How Daylight Saving Time Can Affect Your Health

How Daylight Saving Time Can Affect Your Health

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Daylight saving time kicks off on the onset of spring, the period between March and November. During this time, we turn our clocks forward by an hour, and at the end of spring, we turn our clocks back by an hour to return to the standard time. The practice of advancing clocks during spring moves an hour of daylight from the morning to evening, resulting in long summer nights. In the process, we end up losing an hour of our precious sleep.


Moving clocks in either direction is known to disrupt our internal clock, also known as circadian rhythm. As a result, our body's internal clock does not sync with our day and night cycle. The loss of an hour may seem harmless; however, that is not the case as it negatively affects your health. This piece uncovers how daylight saving time affects your health and safety.



Problems associated with daylight saving time


1. Heart problems

Multiple studies have established an increase in heart attacks cases at the beginning of daylight saving time season and a decrease as it comes to an end. In the 1st two days following daylight saving time transition, stroke rates increase by 8%. Findings from various research indicate that blood clots more quickly in the morning, which explains why heart attacks commonly happen during this time. 

One is likely to experience sleep disruption and sleep loss in the early days of daylight saving time transition. The change makes people more vulnerable to heart problems such as heart attacks. Kindly note it does not cause heart problems, but it may exacerbate underlying conditions, thus triggering heart-related issues. Good quality sleep is vital as it is associated with several physiological changes that are thought to protect one against stroke, such as low blood pressure.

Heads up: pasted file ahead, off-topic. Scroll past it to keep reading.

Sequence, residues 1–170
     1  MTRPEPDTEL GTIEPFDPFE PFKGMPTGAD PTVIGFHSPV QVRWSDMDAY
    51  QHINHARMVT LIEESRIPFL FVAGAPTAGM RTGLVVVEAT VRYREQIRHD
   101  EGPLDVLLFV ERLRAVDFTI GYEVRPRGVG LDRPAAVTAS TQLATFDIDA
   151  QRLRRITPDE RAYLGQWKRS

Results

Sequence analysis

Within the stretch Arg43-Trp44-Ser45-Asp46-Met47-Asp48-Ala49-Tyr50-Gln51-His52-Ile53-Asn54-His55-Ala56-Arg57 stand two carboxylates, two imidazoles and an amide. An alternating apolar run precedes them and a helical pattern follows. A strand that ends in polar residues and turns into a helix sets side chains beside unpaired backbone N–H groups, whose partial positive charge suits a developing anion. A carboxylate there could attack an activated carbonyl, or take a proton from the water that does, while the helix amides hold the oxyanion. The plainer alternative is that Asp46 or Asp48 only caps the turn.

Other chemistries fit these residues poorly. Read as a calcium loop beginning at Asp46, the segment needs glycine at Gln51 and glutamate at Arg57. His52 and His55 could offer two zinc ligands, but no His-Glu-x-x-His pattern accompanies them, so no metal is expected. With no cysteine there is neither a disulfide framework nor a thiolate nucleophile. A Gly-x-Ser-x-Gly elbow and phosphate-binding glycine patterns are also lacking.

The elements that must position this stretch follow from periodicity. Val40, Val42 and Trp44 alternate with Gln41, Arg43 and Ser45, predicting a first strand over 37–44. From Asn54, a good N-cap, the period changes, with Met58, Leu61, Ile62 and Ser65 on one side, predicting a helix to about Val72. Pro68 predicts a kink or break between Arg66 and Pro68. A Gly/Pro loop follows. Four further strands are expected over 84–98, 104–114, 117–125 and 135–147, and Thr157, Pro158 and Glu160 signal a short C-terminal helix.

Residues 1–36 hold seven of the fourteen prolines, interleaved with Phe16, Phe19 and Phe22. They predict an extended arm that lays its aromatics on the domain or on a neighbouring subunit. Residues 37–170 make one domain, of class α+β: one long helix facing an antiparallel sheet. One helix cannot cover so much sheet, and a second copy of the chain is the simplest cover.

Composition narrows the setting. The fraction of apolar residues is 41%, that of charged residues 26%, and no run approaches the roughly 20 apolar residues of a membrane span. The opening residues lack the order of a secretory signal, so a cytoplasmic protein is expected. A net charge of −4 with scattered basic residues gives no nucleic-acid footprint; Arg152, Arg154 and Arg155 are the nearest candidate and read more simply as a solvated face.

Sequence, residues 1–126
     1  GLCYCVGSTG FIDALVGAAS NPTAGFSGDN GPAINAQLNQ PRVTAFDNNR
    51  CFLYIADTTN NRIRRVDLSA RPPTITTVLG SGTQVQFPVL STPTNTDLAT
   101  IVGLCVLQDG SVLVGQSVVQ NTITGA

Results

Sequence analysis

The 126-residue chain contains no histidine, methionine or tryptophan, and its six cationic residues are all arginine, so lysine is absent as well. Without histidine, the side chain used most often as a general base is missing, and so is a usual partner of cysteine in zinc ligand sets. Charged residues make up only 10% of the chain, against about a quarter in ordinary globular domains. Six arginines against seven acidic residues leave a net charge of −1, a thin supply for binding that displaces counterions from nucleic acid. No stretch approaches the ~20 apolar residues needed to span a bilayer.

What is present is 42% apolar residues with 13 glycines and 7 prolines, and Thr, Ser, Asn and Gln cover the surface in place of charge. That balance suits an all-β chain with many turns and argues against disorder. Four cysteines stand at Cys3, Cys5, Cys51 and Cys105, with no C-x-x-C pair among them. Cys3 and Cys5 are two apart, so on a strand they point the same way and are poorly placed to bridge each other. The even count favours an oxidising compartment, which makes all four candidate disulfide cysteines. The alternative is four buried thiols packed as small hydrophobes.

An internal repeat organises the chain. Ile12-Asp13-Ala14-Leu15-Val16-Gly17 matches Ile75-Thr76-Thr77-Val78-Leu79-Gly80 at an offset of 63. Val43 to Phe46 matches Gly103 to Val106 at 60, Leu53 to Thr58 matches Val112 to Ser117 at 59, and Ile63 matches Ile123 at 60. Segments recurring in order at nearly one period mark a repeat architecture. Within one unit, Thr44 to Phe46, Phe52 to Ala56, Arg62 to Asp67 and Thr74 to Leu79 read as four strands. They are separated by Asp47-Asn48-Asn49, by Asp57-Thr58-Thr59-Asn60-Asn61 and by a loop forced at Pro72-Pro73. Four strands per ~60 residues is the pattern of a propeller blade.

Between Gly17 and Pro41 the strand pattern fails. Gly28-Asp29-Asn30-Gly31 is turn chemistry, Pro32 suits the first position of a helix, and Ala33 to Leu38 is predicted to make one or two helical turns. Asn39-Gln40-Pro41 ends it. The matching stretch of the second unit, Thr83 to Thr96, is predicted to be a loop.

2. Low mood and depression

Studies have shown an increase in depression cases as we transition from daylight saving time to standard time. Disruption in sleep patterns causes hormonal imbalance, and as a result, many people may experience some difficulty in sleeping hence triggering irritability, anxiety, mental exhaustion, and depressive feelings. Besides that, it can cause mental illnesses such as seasonal affective disorder (SAD), also known as winter depression and bipolar disorder.


3. Car crashes

At the start of the daylight saving time in spring, there is always a spike in road fatalities. A German study found that accidents increase by 6% following the transition of daylight saving time; however, these road fatalities were not experienced on returning to standard time in the fall. Many of these accidents occur in the morning hours because many drivers are still adjusting to the change. Besides, some drivers who lose an hour of their sleep are likely to be less alert on the road.


4. Sleep effects

Many of the health effects of daily saving time are mediated by the change in sleeping patterns. Daylight saving time transition causes sleep loss, sleep latency, and sleep fragmentation in the first week. Disruption in sleep patterns may trigger an increase in energy intake, reduced energy expenditure, and insulin resistance. Some studies have found sleep deprivation to have severe health outcomes such as increased stress hormones that boost heart rate, obesity, diabetes mellitus, high blood pressure, and mortality.



Bottom line


Daylight saving time significantly affects our circadian rhythm, making us less alert and fatigued. It could take days, weeks, or months to adjust to the changes; however, the body does not fully acclimate to daylight saving time.

The best way to go about these effects is by ensuring you have a bedtime routine that you follow to the latter. Also, in case you are experiencing sleep debt or deprivation, take short naps during the day. Make sure each nap does not exceed 20 minutes; otherwise, you may wake up groggy. 


Photo: © shlyapanama /

Editor, 10/28/2021